64-bit windows version? (Haskell is a scripting language too!)

Peter Tanski p.tanski at gmail.com
Fri Jun 22 00:34:20 EDT 2007

Brian Hulley wrote:
> To port GHC to a completely new platform, you'd of course need a  
> Haskell
> compiler or interpreter already. However to bootstrap the process  
> only a
> slow interpreter would be needed so as long as a portable pre-built
> bytecode version was available for download the only thing left to  
> port
> would be a byte code interpreter which could just be a single file  
> of c
> code.

This was one void Yhc was designed to fill, especially by compiling  
to java bytecode.  At the rate I work--if I'm the only one  
deconstructing the current build system--by the time I'm done the Yhc  
team will have everything running.

Greg Fitzgerald wrote:
> I was trying to build something like this recently but hit a  
> roadblock.
> ...
> Unfortunately, the imported module needs to have the line "module
> X.Y.Zwhere", which means the file needs to be aware of its parent
> directories.  I
> think that's too harsh a constraint, and makes it a pain to move  
> things
> around (true in everyday Haskell projects with local modules too!).

Have you looked at Neptune?  It is a scriptable build system based on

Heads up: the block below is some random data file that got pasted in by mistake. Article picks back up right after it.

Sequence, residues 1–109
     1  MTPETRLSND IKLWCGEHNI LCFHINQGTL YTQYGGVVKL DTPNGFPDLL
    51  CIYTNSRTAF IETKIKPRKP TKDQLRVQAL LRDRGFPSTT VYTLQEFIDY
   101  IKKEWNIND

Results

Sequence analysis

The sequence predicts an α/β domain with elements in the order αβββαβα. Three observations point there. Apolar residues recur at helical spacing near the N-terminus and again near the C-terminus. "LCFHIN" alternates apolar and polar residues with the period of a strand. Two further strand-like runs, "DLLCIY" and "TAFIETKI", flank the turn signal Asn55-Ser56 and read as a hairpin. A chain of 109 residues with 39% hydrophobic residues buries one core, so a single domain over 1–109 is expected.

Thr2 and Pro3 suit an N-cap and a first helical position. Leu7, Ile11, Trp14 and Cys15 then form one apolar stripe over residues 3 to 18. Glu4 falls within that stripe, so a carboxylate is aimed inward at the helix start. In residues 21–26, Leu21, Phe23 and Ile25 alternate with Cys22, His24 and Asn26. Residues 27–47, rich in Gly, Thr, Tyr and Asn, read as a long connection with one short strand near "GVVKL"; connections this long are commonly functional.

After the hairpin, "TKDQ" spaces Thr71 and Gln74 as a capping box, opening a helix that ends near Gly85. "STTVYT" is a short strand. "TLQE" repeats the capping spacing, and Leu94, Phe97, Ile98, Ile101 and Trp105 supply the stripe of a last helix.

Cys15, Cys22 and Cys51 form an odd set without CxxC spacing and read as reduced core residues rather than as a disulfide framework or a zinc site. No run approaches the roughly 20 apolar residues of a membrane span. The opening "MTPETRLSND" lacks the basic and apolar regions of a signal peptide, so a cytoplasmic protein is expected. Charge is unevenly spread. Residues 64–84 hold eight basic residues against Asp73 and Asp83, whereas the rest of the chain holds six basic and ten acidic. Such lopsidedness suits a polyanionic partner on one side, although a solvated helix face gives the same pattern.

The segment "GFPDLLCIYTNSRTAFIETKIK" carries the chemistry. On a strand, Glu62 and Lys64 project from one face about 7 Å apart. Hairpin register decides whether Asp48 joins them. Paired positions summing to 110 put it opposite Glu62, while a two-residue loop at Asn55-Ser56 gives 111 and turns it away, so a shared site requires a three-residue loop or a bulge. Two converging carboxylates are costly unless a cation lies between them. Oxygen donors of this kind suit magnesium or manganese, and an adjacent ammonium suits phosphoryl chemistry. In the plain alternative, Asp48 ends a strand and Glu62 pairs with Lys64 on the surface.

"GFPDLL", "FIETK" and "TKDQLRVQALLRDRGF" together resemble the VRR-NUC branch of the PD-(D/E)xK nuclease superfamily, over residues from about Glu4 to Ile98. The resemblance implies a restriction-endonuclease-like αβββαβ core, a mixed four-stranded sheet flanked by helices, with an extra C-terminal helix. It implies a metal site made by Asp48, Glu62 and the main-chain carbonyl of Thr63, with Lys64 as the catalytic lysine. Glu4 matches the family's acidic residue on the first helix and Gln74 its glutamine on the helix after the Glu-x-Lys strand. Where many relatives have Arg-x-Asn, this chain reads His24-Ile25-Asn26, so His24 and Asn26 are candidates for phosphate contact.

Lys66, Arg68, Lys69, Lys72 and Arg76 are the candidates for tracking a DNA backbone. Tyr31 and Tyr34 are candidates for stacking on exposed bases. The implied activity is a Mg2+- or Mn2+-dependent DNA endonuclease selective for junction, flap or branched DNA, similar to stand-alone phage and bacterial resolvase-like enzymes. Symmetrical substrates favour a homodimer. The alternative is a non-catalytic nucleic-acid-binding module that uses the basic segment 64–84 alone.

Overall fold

Jaskell, which allows dynamic imports.
An example from the page at http://jaskell.codehaus.org/Jaskell+for 

//in script1.jsl
   x = import {file="script2.jsl"};

You may imagine that the string for "script2.jsl" may be computed.   
Of course this sort of thing breaks the type system in Haskell and  
the result is more Make-like, but that is the tradeoff.  Now why did  
I not try a build system using Neptune?  Probably because I had  
already spent the last three weeks learning CMake, the pecularities  
of SCons, WAF (weird bugs!), m4 (I never had to write tests in  
Autoconf before or debug my own configure files), and higher level  
Make (so it would do what I can do in Jam)--I guess it got lost by  
the wayside...  I was looking at things most people would either  
already know or would want to learn and that should already be  
available on new platforms.

skaller wrote:
> The second is simply that dynamic typing is generally
> better for build systems, because it allows code to
> 'self-adapt'.

There is a somewhat slow-going scheme-based-build-system project  
called Conjure, at http://home.gna.org/conjure/ but it only supports  
Linux and OS X.

> An alternative is to implement the build system in, say,
> Scheme, and then write a Scheme interpreter in Haskell.
> Scheme can self-adapt internally because its compiler
> is built-in.

That is why I was looking into using SISC--it is self-contained and  
may even be distributed along with the source code (SISC itself is  
GPLv2 but that doesn't matter for _using_ it)--by default it looks in  
the current directory.  The downside is the lack of a library with  
directed graphs.


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